Small businesses walked away with table scraps as 5% of PPP loan seekers got more than half the money
DENVER – It took a lawsuit and several media requests for the Trump administration to finally release the list of companies that have benefited from the Paycheck Protection Program (PPP).
A Washington Post analysis found that 5% of recipients had raised more than half of the money from the $ 522 billion fund that was supposed to be designed for small businesses at least somewhat.
Some sizable companies, like Snooze AM, a Denver-based breakfast chain, received the maximum allocation of $ 10 million. Wellbridge Club Management of Colorado, which operates 19 gyms, spas and tennis clubs, has raised more than $ 7 million. University preparation received $ 496,299. And the Colorado Springs Catholic Secondary Education Committee received $ 487,060.
Meanwhile, many companies that account for the remaining 95% of beneficiaries have settled for table scraps.
Jeff Zepp, at American 3-D Printing at Evergreen, said he applied for a PPP loan hoping he could pay the rent.
“I was closed for two months,” he said. “I had no business for two months.”
He said he had to go through many hurdles to apply, and the application didn’t ask how much he wanted to borrow.
“About a month later, I noticed that $ 100 had appeared in my business checking account,” he said.
He only got a loan of $ 100.
“I just said, ‘Oh, that’s like a slap, you know?’ Why bother. “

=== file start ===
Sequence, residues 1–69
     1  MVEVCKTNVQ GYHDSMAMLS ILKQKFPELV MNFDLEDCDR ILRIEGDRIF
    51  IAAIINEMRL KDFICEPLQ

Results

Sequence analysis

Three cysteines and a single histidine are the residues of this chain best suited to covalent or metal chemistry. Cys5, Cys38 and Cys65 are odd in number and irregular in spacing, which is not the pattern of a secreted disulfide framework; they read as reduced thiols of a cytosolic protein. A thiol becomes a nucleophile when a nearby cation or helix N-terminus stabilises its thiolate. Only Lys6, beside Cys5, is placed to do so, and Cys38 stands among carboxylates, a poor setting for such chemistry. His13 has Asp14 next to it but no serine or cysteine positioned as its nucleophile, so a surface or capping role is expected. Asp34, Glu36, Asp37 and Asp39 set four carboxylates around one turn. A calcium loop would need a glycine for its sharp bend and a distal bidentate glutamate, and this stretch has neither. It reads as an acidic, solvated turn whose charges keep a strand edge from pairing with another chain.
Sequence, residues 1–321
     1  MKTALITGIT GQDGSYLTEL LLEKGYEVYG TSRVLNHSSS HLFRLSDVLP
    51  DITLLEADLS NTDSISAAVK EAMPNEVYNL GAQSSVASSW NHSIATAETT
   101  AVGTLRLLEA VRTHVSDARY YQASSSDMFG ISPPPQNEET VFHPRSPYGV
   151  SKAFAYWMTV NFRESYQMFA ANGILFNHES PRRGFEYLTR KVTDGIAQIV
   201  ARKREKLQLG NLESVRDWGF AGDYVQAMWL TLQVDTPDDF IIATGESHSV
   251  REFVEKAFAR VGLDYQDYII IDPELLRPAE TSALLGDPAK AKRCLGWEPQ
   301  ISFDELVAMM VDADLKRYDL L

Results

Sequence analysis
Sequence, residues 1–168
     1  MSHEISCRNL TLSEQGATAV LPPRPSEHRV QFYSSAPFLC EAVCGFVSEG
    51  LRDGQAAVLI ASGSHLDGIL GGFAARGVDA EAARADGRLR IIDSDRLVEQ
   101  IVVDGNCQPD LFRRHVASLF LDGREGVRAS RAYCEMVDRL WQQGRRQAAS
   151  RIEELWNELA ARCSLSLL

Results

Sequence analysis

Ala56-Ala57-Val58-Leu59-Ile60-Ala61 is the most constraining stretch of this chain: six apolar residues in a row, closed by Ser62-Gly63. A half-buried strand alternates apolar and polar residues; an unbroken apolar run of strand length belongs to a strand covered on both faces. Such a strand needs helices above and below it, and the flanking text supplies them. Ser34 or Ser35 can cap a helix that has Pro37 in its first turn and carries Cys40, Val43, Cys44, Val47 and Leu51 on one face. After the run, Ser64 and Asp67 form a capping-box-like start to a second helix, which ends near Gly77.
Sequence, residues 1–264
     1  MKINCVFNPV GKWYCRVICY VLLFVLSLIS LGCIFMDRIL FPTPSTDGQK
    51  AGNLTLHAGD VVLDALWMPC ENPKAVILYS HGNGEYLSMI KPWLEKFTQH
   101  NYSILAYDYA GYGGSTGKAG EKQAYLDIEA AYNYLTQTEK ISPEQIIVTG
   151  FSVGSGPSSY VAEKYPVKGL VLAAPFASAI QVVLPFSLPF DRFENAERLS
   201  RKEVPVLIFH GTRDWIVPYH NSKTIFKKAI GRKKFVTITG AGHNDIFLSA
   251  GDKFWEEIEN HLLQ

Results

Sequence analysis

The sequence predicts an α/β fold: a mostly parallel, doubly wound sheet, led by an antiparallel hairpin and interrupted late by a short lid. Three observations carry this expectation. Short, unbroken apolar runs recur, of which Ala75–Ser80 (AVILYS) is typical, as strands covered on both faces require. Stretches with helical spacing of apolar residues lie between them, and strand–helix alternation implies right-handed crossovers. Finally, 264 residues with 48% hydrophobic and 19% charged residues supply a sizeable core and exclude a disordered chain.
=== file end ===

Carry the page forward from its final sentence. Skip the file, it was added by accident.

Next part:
Turns out Zepp has a lot of company.
Marguerite Shipman owns Events by Marguerite in Edwards, Colorado. She also applied for a PPP loan.
“All of our weddings have been downsized, or postponed or canceled,” she said.
The award-winning wedding planner told Denver7 it took her a week to complete the application process as she had to gather all the paperwork and fill out the paperwork while caring for a newborn baby.
“A month later, I was reported to have been approved for $ 54,” she said.
“It was in shock, especially when you found out that huge companies were getting a ton of money, or that other companies, especially in our area, were getting hundreds of thousands of dollars, not that I needed hundreds of thousands of dollars, but needed more than $ 54, ”she said.
After her experience with the CARES Act, Shipman decided to focus more on where she spends her hard-earned money.
“Instead of shopping at bigger stores for the holidays, I really focused on local businesses and small businesses,” she said.
Zepp said he was doing the same.
This story was first reported by our partners at the Denver Post. Read the full story in the Post.